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Weekly updates on 'No Man's Land' construction near Colorado Springs made available online

June 19, 2017 Updated: June 20, 2017 at 6:35 am
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FILE - Traffic drives along Colorado Avenue Saturday, July 27, 2014, between Colorado Springs and Manitou Springs in an area called "no man's land." (The Gazette, Christian Murdock)

Residents and businesses along the stretch of West Colorado Avenue bridging Manitou Springs and Old Colorado City can look forward to weekly briefings on the corridor's ongoing transformation.

El Paso County's new social media specialist has begun posting regular updates to Facebook on a $30 million effort to revitalize a 1.5-mile span of the street from 31st Street to U.S. 24 - a stretch known as "No Man's Land" because it straddles Colorado Springs and its neighbor to the west but belongs to neither.

The project, called the Westside Avenue Action Plan, is slated for completion in late 2018.

Since crews broke ground in December, much of the work so far has focused on replacing and rerouting utility lines before above-ground construction can proceed, according to Greg Dingrando, who started working for the county last month.

The result - ever-changing lane restrictions and traffic detours - has become a source of frustration for the 75 businesses that line the corridor and the thousands of drivers that pass through the area each day.

"It's inconvenient, and it does have an impact on business," said Farley McDonough, owner of Adam's Mountain Cafe at 26 Manitou Ave., adding that the weekly updates will help her make staffing and food supply decisions. "In business, you've got to have real-time information if you're going to survive these kinds of things."

Dingrando, a former KOAA News 5 anchor and reporter, plans to break each update into two segments: a review of the progress crews made in the past week, published on Fridays, and a look ahead to the next week's work, posted on Mondays. His first update went live on June 11.

In the latest update, roughly five minutes long, county project manager Dennis Barron tells Dingrando that progress this week will include connecting a new water line to an existing one near the Loaf N' Jug at 137 Manitou Ave. and continuing construction on a storm sewer to Fountain Creek. Barron also touches on traffic impacts and the handful of businesses whose water service will be temporarily affected by the work.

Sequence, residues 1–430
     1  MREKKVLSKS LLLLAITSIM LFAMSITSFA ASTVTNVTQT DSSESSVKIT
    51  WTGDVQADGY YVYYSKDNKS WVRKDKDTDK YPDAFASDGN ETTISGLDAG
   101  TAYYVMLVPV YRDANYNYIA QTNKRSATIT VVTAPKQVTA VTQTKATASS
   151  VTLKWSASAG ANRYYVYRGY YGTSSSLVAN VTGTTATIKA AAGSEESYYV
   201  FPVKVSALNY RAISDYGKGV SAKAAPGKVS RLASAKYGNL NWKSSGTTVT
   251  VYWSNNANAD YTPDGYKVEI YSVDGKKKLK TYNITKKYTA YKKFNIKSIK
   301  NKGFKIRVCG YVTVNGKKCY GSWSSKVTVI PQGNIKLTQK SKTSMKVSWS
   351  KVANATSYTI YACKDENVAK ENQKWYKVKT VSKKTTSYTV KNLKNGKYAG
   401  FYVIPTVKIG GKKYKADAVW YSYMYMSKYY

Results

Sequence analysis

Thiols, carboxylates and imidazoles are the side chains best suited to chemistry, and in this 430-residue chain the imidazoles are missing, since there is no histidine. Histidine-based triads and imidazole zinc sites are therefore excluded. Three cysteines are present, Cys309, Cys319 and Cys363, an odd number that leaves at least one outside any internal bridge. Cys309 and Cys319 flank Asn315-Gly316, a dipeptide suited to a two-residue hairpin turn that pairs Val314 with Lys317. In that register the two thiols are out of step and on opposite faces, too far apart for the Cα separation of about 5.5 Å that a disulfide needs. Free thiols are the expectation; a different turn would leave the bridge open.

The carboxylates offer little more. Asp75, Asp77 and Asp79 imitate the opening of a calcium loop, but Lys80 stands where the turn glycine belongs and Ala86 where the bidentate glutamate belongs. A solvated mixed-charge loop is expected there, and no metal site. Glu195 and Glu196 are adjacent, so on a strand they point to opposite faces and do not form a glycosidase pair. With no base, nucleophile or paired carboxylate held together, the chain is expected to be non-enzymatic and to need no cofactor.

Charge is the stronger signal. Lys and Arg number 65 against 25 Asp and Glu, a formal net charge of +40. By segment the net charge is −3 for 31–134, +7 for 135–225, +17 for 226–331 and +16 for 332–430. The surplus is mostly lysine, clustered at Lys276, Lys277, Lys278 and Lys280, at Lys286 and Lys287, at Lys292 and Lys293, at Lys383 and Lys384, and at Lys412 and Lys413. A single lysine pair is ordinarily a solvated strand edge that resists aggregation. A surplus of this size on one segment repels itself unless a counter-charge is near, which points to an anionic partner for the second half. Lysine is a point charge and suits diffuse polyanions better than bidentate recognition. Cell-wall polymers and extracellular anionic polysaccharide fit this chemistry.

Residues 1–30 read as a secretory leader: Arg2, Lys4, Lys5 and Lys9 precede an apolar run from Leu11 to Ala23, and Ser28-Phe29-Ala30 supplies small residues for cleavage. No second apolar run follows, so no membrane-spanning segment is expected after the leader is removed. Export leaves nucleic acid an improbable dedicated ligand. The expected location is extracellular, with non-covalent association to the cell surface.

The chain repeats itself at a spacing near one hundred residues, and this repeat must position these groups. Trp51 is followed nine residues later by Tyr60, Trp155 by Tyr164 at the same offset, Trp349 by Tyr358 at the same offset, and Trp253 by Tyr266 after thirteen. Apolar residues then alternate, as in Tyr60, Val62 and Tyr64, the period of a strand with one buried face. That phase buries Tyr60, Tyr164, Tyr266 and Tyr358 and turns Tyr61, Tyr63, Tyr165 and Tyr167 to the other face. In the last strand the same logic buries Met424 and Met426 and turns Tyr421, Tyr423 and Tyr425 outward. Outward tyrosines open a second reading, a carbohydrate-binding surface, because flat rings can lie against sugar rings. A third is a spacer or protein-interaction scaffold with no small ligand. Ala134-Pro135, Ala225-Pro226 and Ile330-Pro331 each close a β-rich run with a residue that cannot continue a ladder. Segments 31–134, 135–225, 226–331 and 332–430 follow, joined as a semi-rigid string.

Last week, crews experienced a hiccup when a water main was not properly shut off, according to another recent video update. Old and poorly charted utility lines have become unanticipated roadblocks, Dingrando said.

Underground boulders - some of them as large as cars - have also proved unexpected obstacles, as crews must have special equipment to remove them, Dingrando said.

But no challenge has been formidable enough to delay the project's estimated completion date, he said.

West Side Action Plan efforts reached a milestone last month when crews razed the Sunflower Motel at 3703 West Colorado Avenue. The demolition of the dilapidated lodge cleared the way for the new Adams Crossing bridge, which will be built over Fountain Creek and allow the Midland Trail to extend from Manitou Springs and through Old Colorado City, eventually reaching America the Beautiful Park downtown.

Crews will continue work on water lines until late summer, when they will shift gears to upgrade stormwater infrastructure, Dingrando said. The project will transform the four-lane stretch of road into a two-lane avenue bisected by a center turn lane and lined with bike lanes, widened sidewalks, upgraded curbs, new gutters and historic streetlights. Local taxpayers are funding the bulk of the effort through the Pikes Peak Rural Transportation Authority, which is contributing $24.1 million. The PPRTA collects a 1 percent sales tax in Colorado Springs, Manitou Springs, Green Mountain Falls and Ramah. A little more than half of the revenue pays for voter-approved capital projects such as the Westside Avenue Action Plan. The rest of the project is paid for by other agencies and entities, including the Colorado Department of Transportation, Colorado Springs Utilities and Manitou Springs.

CDOT's completion of another project just west of the plan's boundaries will help to relieve traffic in the area, according to Michelle Peulen, a spokeswoman for the agency's southeast region. This week, CDOT will finish a $2.4 million overlay project on two stretches of road, each less than a mile long, west of the U.S. 24/Manitou Avenue interchange.

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Contact Rachel Riley: 636-0108

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